Candlemass recalls the account in the Bible (Luke’s Gospel, Chapter 2, from verse 22) where the child Jesus is presented in the Temple in Jerusalem in accordance with Jewish custom. There he was recognised by two elderly and faithful people - Simeon and Anna - for who he really was. Simeon spoke the prophesy that Jesus would have a profound effect in Israel and beyond. He also hinted to his mother, Mary, that Jesus would suffer in the process and that she, in her heart, would suffer with him.
We read in the gospels of how Jesus offered his time and his gifts generously and unceasingly to all those who came looking for him. He opened the eyes of the blind, brought healing to lepers and forgiveness to sinners. He was a light in the darkness of people’s lives. The candles that are carried into church on the feast of Candlemass remind us of this light of hope. Jesus continues to bring light in our darkness. Although he was put to death on a cross, his rising to new life means that the darkness cannot overcome the life and love that came into our world on that first Christmas.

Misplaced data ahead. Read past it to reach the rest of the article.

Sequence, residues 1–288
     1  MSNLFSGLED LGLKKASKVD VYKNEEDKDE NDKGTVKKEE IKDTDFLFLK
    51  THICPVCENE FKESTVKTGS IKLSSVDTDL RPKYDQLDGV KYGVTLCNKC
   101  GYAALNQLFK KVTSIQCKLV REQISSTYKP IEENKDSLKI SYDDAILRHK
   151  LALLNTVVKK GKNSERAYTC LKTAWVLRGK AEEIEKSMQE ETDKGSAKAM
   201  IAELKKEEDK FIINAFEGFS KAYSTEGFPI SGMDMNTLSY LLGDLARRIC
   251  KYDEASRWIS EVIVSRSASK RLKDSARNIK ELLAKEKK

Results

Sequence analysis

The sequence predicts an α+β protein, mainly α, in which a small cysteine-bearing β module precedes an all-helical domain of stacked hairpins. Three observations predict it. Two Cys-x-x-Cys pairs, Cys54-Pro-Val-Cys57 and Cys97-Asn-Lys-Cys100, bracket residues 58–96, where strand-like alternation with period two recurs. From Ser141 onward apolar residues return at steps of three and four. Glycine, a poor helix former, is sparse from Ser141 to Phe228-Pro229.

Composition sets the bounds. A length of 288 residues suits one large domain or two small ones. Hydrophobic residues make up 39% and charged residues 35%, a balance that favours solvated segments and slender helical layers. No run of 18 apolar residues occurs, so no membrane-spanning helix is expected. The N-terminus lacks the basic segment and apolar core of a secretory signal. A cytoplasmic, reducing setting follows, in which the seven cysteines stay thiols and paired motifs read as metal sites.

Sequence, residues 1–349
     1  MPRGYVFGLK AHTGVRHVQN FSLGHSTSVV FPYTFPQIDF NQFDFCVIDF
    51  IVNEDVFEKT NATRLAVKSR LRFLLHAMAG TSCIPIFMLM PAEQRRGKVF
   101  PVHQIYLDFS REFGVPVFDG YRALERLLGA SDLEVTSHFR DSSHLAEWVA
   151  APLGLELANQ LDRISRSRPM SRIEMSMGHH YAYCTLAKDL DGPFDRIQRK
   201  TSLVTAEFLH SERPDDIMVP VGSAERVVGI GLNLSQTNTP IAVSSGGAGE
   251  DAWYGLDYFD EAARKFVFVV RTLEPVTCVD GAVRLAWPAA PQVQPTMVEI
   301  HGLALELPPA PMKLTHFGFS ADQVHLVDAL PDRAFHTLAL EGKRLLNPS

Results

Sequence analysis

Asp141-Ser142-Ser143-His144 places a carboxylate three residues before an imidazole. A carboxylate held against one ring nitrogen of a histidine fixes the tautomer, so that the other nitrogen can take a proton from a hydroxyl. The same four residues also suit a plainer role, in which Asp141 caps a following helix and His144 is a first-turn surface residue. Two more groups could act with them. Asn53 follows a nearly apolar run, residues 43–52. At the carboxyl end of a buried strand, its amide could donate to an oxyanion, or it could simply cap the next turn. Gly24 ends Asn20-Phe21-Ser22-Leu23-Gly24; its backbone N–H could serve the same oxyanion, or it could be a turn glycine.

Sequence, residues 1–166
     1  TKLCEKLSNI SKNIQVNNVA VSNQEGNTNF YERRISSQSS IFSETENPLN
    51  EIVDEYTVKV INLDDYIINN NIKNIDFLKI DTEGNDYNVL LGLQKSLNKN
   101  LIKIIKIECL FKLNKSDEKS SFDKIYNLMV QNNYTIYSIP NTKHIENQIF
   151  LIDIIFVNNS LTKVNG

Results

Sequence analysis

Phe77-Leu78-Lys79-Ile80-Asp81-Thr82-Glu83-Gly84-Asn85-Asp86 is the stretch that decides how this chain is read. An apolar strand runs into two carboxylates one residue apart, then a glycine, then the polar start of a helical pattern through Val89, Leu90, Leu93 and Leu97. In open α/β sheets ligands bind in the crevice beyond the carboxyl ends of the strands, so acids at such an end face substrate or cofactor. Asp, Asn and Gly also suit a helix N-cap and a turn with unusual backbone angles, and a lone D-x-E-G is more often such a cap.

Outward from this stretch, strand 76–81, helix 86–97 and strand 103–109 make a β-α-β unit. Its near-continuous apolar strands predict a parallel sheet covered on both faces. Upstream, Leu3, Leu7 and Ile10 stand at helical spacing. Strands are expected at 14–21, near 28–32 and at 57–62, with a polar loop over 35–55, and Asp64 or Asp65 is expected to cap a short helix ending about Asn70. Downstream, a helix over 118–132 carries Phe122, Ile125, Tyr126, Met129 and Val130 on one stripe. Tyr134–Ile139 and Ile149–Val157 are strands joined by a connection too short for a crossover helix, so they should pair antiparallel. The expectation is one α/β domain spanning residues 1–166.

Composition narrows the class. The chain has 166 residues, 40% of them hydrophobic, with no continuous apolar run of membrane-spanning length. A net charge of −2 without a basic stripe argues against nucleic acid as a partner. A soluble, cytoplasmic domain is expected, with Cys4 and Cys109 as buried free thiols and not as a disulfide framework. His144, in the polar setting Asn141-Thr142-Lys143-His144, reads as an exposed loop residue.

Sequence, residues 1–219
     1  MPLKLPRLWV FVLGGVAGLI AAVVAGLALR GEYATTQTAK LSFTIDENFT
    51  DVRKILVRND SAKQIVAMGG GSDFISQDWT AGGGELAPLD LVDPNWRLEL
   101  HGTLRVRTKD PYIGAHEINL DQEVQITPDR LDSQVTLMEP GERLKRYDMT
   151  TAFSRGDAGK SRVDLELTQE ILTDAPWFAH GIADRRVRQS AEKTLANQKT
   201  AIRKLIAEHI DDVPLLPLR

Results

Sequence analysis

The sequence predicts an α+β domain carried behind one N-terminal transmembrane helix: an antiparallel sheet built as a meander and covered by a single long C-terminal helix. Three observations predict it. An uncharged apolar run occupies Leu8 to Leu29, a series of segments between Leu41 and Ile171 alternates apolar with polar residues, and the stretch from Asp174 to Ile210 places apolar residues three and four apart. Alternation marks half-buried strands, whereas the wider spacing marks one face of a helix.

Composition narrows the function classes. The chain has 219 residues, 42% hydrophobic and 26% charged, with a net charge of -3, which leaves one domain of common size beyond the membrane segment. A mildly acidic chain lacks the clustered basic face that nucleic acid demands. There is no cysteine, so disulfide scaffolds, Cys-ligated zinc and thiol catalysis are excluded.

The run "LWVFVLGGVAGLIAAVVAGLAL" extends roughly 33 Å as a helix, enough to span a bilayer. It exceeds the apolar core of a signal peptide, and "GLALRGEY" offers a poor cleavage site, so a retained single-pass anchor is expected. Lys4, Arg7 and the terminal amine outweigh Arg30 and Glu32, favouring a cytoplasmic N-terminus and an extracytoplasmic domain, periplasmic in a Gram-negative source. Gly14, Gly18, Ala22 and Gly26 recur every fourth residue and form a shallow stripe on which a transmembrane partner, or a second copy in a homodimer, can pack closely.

Life is a mixture of struggles and consolations and no doubt we shall continue to recognise this over the year that has recently begun. The Christian faith does not pretend that life can be easy if you only believe the right things. What it does offer though is a sense of hope and a light in the darkness to guide us. I pray that we may become more aware of that guiding light so that whatever life brings, we shall know the steadfast love and mercy of God.